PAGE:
Adventure Travel

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Michael Becker/AP
Mount McKinley

Highpointing: A View From the Top

November 25, 2010
by Cara McDonough
Some consider mountain climbing or hiking as hobbies. But there are others—highpointers—who are into something a little more specific: reaching the highest peak in every state, from the 345-foot Britton Hill in Florida to Alaska’s 20,320-foot Mount McKinley.

Up for a Challenge?

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The task may sound daunting, but those interested in highpointing can ease into the sport. A November 2008 New York Times article points out that while reaching a state’s highest natural point of elevation can certainly involve a fair amount of toil and sweat—climbing actual mountains out West, for instance—scaling a highpoint might require nothing more than a drive and a search for the official marker. Delaware’s highpoint, for example, is located at an intersection of a suburban neighborhood.

Many highpointers move on to more strenuous hikes, however, and enjoy the challenges posed by the hobby, “which blends the rigors of adventure travel with the fastidiousness of stamp collecting,” according to The Times.

As the sport gains more attention, it’s becoming more competitive. Last year, Mike Haugen, a schoolteacher from Denver, and Zach Price, a Seattle architect, set a record for the fastest ascent of highpoints in the United States. Haugen recorded their time as “45 days, 19 hours and 2 minutes and 20 seconds,” The Times reported.

Join the Klub

Highpointing enthusiasts don’t have to go solo. Support, guidance and even an annual convention are all part of a membership to the Highpointers Club, which promotes highpointing through a Web site and newsletters. Founded by Jakk Longacre in 1987, the club has “a propensity for substituting ‘k’ for ‘c’ in its literature,” according to The Times; their motto is “Keep Klimbin’.” Longacre died in 2002 and his ashes are spread on all the state highpoints.

Some have taken their love of highpointing to new levels, including supporting a good cause while scaling the peaks. Randy Clukey and J.R. Jasinski have created their own personal highpointing challenge of ascending the highest points in the lower 48 states “as fast as humanly possible” while collecting money for Big City Mountaineers, an organization that works to enhance the lives of under-resourced teens through outdoor activities. Donations are accepted through their Web site, Highpointing Challenge.

But highpointing isn’t all about the Internet. Those who want to socialize with other highpointers in person can do so at the Club’s 2009 “Konvention,” which will take place from July 30 to August 1 in the very fitting High Point State Park of New Jersey.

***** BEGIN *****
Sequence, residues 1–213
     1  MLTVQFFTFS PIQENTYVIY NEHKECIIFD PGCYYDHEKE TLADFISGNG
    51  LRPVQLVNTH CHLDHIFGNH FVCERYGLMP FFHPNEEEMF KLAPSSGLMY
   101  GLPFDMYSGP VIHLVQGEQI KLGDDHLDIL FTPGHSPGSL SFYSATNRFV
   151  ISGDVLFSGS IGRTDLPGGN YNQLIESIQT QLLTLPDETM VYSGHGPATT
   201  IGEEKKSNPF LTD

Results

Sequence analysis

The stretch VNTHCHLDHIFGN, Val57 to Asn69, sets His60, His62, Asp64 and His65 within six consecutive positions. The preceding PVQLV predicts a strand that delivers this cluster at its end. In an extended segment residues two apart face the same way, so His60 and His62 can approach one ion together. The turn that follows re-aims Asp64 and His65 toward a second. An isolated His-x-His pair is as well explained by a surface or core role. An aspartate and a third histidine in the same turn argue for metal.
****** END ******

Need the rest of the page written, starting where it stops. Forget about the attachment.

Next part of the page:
Read All About It

If the thought of the country’s highest peaks brings on a sudden case of vertigo, simply reading about extraordinary highpointers may be just the ticket—at least at first.

Jim Lockhart, 70, wasn’t satisfied after completing every U.S. highpoint so he turned his sights to the rest of the world. So far, he's climbed the highest points on five continents, and recently summited Mount Elbrus in the Republic of Georgia. “I said, 'Well, I want to do the high peak over here, that high peak over there,’” Backpacker Magazine quoted Lockhart as saying. "Then, I went to foreign countries and asked, 'Where's your highest peak?’”

Derek Miller chronicled his highpointing adventures for North Carolina newspaper The Salisbury Post. Miller has completed five highpoints so far, and notes that each one was “vastly different from the others.” He encourages others to join in the fun. “Highpointing can range from an extreme sport or strenuous activity to an afternoon drive.” Most importantly, says Miller, “The best thing about highpointing is that it's a motive for seeing the country.”

Starting Small and Other Lofty Goals

As with any new outdoor hobby, safety is key. Before hitting the peaks, a basic primer in rock climbing may be in order. FindingDulcinea’s Web Guide to Rock Climbing provides all the best rock climbing Web sites, magazines and news, and information on where to buy appropriate gear and the best places to climb.

Once equipped with the proper tools and information, climbing enthusiasts may look for other ways to explore their new hobby. Those who enjoy the list-making aspect of highpointing may also like exploring Colorado’s “Fourteeners,” a series of peaks more than 14,000 feet. KMGH Denver Channel 7 News reported that on June 1, trails owned by private landowners that had been closed due to liability concerns were reopened conditionally, allowing renewed access to two of the peaks.
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